Objective: To evaluate drug therapy quality among elderly nursing home residents. Secondary aims were to compare quality in young and old elderly and to determine whether number of prescribers affected quality of drug therapy.
Design: A cross-sectional population-based register study.
Setting: Nursing home residents in the Gothenburg area using the multi-dose system (e.g. patients who get their drugs machine dispensed into one unit for each dose occasion, a service offered by the National Corporation of Pharmacies).
Subjects: All nursing home residents aged 65 years and older.
Main outcome measures: The quality of drug therapy assessed using five quality indicators for the elderly recently introduced by the Swedish National Board of Health and Welfare; number of prescribed drugs per resident.
Results: Over 70% of residents had one or more potentially inappropriate prescription. Younger nursing home residents (65-79 years) had significantly (p < 0.001) lower quality of drug therapy than older residents (80 + ). The average number of prescribing physicians per resident was high at almost four per resident. An increasing number of prescribers per resident was associated with a higher number of drugs prescribed and a lower quality of drug therapy.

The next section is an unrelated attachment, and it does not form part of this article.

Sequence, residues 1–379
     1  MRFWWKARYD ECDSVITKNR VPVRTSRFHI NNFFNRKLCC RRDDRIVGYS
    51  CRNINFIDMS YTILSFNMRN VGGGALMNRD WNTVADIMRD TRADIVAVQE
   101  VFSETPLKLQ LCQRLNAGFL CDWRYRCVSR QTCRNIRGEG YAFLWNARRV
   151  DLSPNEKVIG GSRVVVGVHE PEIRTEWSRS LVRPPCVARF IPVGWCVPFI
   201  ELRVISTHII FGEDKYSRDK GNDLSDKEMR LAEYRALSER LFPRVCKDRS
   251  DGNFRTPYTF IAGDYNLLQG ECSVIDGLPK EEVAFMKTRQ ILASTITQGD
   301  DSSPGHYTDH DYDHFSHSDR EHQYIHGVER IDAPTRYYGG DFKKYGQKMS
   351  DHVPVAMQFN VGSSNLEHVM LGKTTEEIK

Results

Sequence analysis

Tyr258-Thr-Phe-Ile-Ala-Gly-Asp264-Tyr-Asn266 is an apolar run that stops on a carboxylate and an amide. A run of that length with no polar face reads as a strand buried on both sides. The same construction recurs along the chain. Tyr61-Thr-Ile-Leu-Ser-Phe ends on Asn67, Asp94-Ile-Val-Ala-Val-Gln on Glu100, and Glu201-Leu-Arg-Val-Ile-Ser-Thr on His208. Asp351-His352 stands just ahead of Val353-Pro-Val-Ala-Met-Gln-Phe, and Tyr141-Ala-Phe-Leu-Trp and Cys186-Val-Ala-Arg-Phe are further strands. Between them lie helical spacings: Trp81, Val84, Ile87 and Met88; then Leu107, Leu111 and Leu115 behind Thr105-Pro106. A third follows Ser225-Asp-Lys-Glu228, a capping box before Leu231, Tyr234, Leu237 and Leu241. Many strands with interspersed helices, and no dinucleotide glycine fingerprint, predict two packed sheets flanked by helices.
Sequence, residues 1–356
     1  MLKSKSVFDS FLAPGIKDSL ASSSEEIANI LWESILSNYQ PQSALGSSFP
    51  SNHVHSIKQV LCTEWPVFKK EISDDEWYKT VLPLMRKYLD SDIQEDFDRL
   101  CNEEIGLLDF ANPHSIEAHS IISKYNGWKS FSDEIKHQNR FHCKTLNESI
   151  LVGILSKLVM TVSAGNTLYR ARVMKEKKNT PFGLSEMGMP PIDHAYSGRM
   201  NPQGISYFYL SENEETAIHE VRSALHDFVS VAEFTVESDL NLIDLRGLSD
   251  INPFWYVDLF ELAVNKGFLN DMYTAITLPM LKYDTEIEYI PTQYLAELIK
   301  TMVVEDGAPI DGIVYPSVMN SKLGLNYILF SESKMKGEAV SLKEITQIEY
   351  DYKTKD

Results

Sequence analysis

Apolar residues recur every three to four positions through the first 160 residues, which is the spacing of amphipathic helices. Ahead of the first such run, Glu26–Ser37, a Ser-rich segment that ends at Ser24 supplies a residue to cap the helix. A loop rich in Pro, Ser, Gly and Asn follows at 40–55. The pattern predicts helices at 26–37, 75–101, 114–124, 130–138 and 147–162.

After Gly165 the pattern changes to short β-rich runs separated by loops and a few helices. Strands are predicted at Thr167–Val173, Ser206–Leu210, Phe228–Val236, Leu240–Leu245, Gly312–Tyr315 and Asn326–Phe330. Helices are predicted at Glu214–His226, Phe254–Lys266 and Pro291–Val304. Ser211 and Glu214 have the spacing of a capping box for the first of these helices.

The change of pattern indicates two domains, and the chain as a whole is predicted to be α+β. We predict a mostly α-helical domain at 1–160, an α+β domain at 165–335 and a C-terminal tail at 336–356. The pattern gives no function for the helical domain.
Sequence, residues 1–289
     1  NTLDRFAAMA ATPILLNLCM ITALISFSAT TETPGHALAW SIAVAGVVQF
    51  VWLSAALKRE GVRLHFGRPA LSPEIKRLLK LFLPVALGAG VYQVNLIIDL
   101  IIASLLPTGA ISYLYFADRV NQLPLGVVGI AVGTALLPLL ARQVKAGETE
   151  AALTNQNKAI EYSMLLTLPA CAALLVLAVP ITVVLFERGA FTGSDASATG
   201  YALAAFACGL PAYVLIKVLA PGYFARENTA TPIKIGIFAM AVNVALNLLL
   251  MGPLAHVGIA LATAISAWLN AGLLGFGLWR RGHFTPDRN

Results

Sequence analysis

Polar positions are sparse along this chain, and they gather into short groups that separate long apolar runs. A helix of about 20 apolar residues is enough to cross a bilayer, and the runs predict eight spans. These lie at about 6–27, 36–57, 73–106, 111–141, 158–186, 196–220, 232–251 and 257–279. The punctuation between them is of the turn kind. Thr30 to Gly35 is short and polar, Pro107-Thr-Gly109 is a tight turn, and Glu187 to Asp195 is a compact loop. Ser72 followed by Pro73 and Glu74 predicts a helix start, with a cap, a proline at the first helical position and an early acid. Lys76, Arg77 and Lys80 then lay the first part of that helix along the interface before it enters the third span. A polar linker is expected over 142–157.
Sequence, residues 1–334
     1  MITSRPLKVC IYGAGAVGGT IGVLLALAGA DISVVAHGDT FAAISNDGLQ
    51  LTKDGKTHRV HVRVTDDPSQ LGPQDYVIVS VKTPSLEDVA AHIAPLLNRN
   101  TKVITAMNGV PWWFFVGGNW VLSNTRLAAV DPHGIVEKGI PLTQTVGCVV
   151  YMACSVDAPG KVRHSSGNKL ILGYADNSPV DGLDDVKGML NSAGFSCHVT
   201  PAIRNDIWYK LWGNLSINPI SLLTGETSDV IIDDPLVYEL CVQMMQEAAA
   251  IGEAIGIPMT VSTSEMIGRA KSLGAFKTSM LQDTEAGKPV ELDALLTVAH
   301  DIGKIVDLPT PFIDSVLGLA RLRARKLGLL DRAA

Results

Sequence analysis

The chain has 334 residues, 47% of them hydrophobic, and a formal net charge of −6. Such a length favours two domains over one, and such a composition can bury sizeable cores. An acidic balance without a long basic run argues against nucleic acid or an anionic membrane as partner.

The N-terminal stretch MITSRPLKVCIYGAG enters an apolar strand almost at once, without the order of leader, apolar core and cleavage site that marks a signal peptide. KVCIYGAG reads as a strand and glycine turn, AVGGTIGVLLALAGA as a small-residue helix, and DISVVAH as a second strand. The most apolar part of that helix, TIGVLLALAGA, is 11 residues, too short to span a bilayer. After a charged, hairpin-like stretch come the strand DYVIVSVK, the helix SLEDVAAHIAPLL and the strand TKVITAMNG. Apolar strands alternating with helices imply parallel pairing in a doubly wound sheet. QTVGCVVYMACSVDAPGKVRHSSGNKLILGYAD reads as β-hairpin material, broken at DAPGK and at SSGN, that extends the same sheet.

Conclusion: Computerized quality assurance systems can provide support for healthcare providers. Quality indicators should be modified to give maximum support for users.